Buying a house with subsidence
Are you considering buying a house with subsidence? Or perhaps you’re hoping to sell your property and are worried about some cracks that have begun to appear? Subsidence is a scary word for any homeowner or prospective buyer, but it is estimated that around 40,000 properties are affected by subsidence each year.
In this guide
- What is house subsidence?
- Should you buy a house with subsidence?
- What’s the difference between subsidence and settlement?
- Signs of subsidence
- Subsidence warning signs to look out for
- What is underpinning?
- How much does subsidence devalue a property?
- What can you do if your house has subsidence?
- Selling a house with subsidence history
What is house subsidence?
Subsidence is the downward movement or collapse of the ground that a property sits on.
All properties will experience a small amount of movement, which will largely go unnoticed, but sometimes that movement occurs in a downward direction, causing the property to become unstable. When this happens it is important to take action to protect the property from extensive damage.
Should you buy a house with subsidence?
If you’re considering buying a house with subsidence history, your first step should be to gather more information about the current condition of the property. If the problem is a historic one that has been treated,it’s important to gather all of the paperwork you can from the seller. It is also advisable to ensure you have a thorough structural survey carried out before proceeding with a purchase. If subsidence may be a current issue at the property, a full structural survey will assess the severity of the issue and advise on work required to address the problem.
Properties with current subsidence will be unmortgageable, so if you were planning to use a mortgage to purchase the property it’s unlikely that you’ll be able to go ahead.Properties with a history of subsidence that has now been fully resolved are often challenging to mortgage and insure, but it is possible. The Subsidence Claims Advisory Bureau (SCAB) specialises in assisting people who live in or are considering buying properties that have suffered from subsidence. They can help with securing mortgage lending and comprehensive insurance, as well as offering advice on many other aspects of owning a house with a history of subsidence.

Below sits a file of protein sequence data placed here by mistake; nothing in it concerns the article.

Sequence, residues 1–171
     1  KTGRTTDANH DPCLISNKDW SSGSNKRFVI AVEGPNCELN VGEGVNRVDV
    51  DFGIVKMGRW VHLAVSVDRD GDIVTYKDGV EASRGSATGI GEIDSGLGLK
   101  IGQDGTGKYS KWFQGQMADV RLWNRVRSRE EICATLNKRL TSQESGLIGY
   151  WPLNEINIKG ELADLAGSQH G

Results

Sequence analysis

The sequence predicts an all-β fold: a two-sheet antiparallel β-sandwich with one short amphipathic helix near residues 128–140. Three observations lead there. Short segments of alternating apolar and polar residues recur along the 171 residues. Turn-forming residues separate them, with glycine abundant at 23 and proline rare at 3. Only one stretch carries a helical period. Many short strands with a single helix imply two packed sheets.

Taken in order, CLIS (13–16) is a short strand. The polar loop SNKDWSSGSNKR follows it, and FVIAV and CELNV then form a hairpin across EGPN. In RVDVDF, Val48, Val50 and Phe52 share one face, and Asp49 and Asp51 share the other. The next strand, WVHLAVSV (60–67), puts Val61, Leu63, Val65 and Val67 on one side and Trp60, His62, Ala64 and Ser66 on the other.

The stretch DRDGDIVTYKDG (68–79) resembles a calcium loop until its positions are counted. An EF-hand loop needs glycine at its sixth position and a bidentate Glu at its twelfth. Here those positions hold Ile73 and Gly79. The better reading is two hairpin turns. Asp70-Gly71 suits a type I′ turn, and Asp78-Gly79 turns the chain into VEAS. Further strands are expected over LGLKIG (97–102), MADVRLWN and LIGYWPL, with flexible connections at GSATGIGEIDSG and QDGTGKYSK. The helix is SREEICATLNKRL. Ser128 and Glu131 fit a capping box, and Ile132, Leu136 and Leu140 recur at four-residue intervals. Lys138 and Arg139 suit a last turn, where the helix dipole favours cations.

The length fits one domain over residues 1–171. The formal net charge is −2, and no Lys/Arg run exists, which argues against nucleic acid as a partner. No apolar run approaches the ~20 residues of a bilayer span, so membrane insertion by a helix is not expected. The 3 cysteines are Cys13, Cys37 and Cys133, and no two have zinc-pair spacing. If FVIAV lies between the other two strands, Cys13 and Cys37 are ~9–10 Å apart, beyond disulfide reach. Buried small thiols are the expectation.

What’s the difference between subsidence and settlement?
Most newly-built properties will experience some degree of settlement. Settlement is caused by the ground beneath the property compacting under the weight of the new structure.
Unlike settlement, subsidence is not caused by the weight of the building, but by the ground beneath the property becoming unstable. Subsidence would have occurred whether the property was on the land or not.
Properties can also experience ‘heave’, which is where the ground beneath the property swells and moves in the upwards motion.
Signs of subsidence
Early signs of subsidence may include torn wallpaper or windows and doors that are starting to stick, but the most obvious sign of subsidence is the appearance of substantial cracks in your walls. When the ground beneath your property becomes unstable and moves in a downward motion it will take some of your property’s foundations with it. As one section of your property begins to move it will put pressure on the structure of your home and cracks will begin to show at the point of tension.
It is important to note, however, that cracks are not always a sign of subsidence. Small hairline cracks that appear seasonally are likely to be due to the expansion or contraction of materials caused by changing weather, which is not something to be overly concerned about. Cracks that are a result of subsidence will usually be large (thicker than 2mm) and visible internally and externally. You would also suspect any cracks caused by subsidence to be wider at one end and often diagonal in direction.
Subsidence warning signs to look out for
There are several things that can put a property at increased risk of subsidence. These include:
- Large trees close to a property
Large trees close to properties can cause problems with the stability of the property’s foundations. Large tree roots can disturb the soil beneath the foundations and thirsty pants can dry out the ground, leaving it more vulnerable to cracking and movement.
- Older foundations
Older properties tend to have shallower foundations, which may leave them more susceptible to erosion and subsidence
- Clay soil